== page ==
MOROCCAN COOKING CLASSES
Morocco, the name itself evokes exotic images. Moroccan cuisine has strong routes in tradition and is rated as THE best in the world. The Moroccans are very proud of their food. The sharing of meals is an integral part of the culinary experience and the foundation of the Moroccan way of life There is a strong sense of family and tribe.
Morocco is an agricultural paradise. The heart of Moroccan cuisine lies in the spices expelling tantalizing fragrance, color and warmth. Set recipes are very rare, each dish will have the signature of the creator, who is always a woman.
The country’s national drink, tea is drunk every hour of the day. Although it is said to be the favoured drink of the Prophet, the truth behind the history of tea is the English who offloaded it in Tangier during the Crimean War. Mint is grown all over Morocco but flourishes in the mountains. The only mint that can be used is ‘mentha viridis’. The best quality, dark with firm stalks, comes from Meknes or the Zerhoun. Freshly brewed na’na’ MINT TEA has become a fine art and a national symbol.
As the national dish, couscous has a strong religious and emotional significance. Made from durum-wheat semolina native to the region mixed with smaller quantities of either drum-wheat flour or a soft-wheat flour, it is usually served topped with a stew. Moroccans believe couscous brings God’s blessing upon those who consume it. Couscous needs to be prepared with patience, rhythm, time and the finesse of the woman preparing it.
Bread or  khubz’, the most basic and essential food is sacred in Morocco. The Prophet ordered that that bread be treated with the utmost respect, so any bread found thrown away in the street must be moved out of the way of foot traffic with a short prayer. Loaves are baked early morning in terracotta gas’a in a communal oven.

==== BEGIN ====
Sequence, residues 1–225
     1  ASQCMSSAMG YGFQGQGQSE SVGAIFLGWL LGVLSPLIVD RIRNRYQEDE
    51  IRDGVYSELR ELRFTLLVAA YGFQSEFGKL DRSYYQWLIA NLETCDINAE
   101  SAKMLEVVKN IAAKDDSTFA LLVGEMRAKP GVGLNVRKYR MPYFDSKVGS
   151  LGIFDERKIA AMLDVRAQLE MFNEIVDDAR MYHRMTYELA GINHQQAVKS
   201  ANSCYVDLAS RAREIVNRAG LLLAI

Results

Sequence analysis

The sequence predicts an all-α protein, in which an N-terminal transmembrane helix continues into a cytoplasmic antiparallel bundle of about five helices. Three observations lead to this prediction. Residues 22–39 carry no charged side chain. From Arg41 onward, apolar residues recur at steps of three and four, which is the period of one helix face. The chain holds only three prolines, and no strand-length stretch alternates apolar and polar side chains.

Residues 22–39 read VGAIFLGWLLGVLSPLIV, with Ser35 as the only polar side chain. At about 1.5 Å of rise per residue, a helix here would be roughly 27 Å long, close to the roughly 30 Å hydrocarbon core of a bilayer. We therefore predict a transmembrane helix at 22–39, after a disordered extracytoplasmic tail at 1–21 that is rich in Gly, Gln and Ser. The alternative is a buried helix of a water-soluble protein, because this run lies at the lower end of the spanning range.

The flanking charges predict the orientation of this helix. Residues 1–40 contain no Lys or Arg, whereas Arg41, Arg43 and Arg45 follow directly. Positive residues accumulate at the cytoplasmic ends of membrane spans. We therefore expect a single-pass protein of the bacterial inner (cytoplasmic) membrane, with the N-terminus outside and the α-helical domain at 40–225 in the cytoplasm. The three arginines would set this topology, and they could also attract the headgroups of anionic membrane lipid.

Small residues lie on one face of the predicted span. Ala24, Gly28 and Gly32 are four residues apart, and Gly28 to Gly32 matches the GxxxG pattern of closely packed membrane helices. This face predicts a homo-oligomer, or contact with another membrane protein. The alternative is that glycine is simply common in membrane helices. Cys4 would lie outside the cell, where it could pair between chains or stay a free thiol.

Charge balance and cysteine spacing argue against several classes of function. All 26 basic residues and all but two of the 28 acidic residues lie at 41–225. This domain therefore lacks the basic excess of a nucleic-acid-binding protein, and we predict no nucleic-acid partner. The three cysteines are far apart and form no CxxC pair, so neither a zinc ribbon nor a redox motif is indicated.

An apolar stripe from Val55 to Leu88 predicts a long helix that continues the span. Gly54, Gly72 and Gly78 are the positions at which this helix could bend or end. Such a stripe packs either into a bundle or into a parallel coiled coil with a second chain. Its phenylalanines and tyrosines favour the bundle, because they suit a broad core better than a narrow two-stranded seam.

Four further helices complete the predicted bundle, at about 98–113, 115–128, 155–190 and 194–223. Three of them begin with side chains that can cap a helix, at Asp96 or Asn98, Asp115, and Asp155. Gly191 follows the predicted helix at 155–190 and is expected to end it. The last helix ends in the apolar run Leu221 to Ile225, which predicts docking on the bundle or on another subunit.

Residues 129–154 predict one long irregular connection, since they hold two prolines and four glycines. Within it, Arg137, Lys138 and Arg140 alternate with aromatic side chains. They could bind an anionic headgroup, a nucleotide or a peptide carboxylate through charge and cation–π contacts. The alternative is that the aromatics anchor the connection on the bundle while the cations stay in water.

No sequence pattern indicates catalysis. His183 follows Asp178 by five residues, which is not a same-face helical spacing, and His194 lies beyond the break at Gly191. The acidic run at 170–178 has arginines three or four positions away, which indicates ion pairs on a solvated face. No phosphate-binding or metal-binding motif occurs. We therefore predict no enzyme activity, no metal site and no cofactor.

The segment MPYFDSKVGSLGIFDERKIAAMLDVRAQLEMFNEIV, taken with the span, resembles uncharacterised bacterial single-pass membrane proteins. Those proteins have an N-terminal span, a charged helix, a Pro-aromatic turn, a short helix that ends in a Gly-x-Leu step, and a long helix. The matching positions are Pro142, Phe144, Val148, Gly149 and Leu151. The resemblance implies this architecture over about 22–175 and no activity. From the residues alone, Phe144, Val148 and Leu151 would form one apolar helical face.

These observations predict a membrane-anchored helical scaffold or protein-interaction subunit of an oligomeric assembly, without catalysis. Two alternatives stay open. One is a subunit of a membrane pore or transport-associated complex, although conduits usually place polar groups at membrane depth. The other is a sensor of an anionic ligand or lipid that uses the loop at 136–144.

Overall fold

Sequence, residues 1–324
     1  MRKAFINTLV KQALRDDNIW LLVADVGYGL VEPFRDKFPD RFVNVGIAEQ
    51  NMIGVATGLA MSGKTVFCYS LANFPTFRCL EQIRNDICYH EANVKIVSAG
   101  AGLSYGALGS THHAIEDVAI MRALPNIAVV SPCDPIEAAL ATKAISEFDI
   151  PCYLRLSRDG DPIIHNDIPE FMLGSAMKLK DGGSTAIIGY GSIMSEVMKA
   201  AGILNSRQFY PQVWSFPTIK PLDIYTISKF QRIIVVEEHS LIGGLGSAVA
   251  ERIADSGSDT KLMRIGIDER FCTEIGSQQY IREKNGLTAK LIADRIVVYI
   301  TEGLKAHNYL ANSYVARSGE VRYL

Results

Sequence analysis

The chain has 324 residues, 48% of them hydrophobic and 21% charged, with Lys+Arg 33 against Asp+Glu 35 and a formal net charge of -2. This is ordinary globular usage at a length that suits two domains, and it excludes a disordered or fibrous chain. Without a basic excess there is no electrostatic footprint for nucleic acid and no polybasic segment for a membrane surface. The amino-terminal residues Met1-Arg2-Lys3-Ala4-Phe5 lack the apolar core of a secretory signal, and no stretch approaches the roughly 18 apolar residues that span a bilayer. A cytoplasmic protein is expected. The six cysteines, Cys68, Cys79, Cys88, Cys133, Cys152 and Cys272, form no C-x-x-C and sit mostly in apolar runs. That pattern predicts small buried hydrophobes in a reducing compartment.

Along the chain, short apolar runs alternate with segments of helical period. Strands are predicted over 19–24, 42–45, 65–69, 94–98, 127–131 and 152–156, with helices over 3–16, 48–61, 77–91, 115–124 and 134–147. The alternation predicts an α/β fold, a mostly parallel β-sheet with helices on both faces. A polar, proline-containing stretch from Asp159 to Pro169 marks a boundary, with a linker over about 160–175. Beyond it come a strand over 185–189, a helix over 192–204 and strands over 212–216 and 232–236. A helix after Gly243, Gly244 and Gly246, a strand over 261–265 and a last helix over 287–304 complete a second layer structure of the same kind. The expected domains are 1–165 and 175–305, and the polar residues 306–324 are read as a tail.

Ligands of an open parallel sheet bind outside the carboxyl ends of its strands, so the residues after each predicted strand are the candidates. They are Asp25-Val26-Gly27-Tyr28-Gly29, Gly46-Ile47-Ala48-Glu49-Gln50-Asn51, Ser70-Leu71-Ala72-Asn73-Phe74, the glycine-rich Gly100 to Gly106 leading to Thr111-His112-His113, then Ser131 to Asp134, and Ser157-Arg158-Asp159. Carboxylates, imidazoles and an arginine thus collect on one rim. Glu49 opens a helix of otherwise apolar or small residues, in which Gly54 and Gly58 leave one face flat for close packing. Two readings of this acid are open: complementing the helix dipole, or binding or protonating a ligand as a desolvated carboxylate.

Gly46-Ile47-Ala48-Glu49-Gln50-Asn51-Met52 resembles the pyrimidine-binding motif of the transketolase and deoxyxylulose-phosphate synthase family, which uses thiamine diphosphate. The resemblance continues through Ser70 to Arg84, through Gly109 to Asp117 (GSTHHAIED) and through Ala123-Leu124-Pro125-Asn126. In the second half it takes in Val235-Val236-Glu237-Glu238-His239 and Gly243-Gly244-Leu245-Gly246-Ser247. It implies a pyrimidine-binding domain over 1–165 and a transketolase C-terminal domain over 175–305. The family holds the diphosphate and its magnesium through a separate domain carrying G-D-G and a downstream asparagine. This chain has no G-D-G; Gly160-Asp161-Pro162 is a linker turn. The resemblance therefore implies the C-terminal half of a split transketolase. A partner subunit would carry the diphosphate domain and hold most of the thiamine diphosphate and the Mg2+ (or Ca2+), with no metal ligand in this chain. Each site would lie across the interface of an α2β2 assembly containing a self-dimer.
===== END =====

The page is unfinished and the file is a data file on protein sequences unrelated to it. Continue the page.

One of the cornerstones of Moroccan cuisine. Jewish Moroccans developed the art of preserving using salt. Olives from around Fes and Meknes are some of the best in the Mediterranean. Lemons are preserved in the spring when they are their ripest and sweetest. Some regions add cinnamon sticks, cloves and coriander for an alternative taste.
For a delicious Morocco breakfast, try this yeasty semolina pancake with a distinctive honeycomb appearance. Serve with ‘khli’’ preserved meat.
This pastry is widely regarded as the crowning dish of Moroccan cuisine. This pastry is served to newlyweds the morning after their wedding night to symbolise their family’s wish that life together should be as sweet as this creation.
The Moroccans eat three meals a day, the main meal being around mid-day.
Eating with your hands is a time-honoured tradition. Rule number one: eat with your right hand only, using the thumb and first two fingers. Using more is a sign of gluttony. The left hand may only be used for picking up bread or passing dishes on to other people. Never help yourself to bread, wait until it is given to you. If more than one person apportions the bread at the table, the house will be beset by quarrelling. Use the bread to mop up sauces and clean you plate. Do not lick your fingers until the end of the meal. In the meantime wipe them on the bread or a napkin, if you have to.
Washing is very important - clean your hands before every meal usually with rose or orange scented water.
When at home with a Moroccan family the women may not eat with the family, allowances are made when female visitors are there for lunch. The cook presents the lunch and leaves. The host will announce ‘Bismillah’ (the name of Allah), everyone echoes his salutation. Then eating commences.
If you are full, continue nibbling. If you stop the rest of the table will follow suit.
If offered a gift when invited into a Moroccan home do not refuse – it’s very uncouth to turn down a charitable moment. Be careful not to admire something in the house as they may give it to you to take away. This is the Arab fear of the ‘evil eye’ – the envied object is given away to deter jealousy.
In the same way do not refuse food when offered. The host will always offer food when you enter his home. Three glasses of mint tea and a meal is acceptable. The best portions will be served to you. If you don’t like it – just taste a little of it. At the end of a meal a significant portion of food must remain.
Honour the host. Conversation must be entertaining and praising of the food.
Planet Food: Morocco